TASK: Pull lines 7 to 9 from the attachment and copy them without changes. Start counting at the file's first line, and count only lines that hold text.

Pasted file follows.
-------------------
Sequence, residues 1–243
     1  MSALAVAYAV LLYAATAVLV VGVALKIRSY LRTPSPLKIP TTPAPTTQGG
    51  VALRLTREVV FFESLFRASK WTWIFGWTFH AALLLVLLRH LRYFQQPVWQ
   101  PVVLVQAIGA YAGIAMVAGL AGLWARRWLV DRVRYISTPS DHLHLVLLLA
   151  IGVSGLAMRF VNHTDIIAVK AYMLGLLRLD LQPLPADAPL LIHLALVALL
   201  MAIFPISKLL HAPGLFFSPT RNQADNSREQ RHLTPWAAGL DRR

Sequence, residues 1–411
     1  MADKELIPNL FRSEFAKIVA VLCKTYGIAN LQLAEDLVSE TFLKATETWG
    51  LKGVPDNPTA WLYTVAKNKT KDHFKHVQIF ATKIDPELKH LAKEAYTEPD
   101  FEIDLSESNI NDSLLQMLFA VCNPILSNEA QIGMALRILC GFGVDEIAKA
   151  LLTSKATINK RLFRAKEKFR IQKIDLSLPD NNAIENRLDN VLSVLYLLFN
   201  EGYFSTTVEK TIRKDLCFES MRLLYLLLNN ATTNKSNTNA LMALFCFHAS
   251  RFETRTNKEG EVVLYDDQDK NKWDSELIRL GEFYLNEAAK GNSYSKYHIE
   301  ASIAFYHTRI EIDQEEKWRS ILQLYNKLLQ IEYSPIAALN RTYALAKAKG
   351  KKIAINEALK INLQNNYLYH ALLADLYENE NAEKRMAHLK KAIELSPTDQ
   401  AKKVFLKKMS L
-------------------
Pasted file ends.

Sequence, residues 1–411
     1  MADKELIPNL FRSEFAKIVA VLCKTYGIAN LQLAEDLVSE TFLKATETWG
    51  LKGVPDNPTA WLYTVAKNKT KDHFKHVQIF ATKIDPELKH LAKEAYTEPD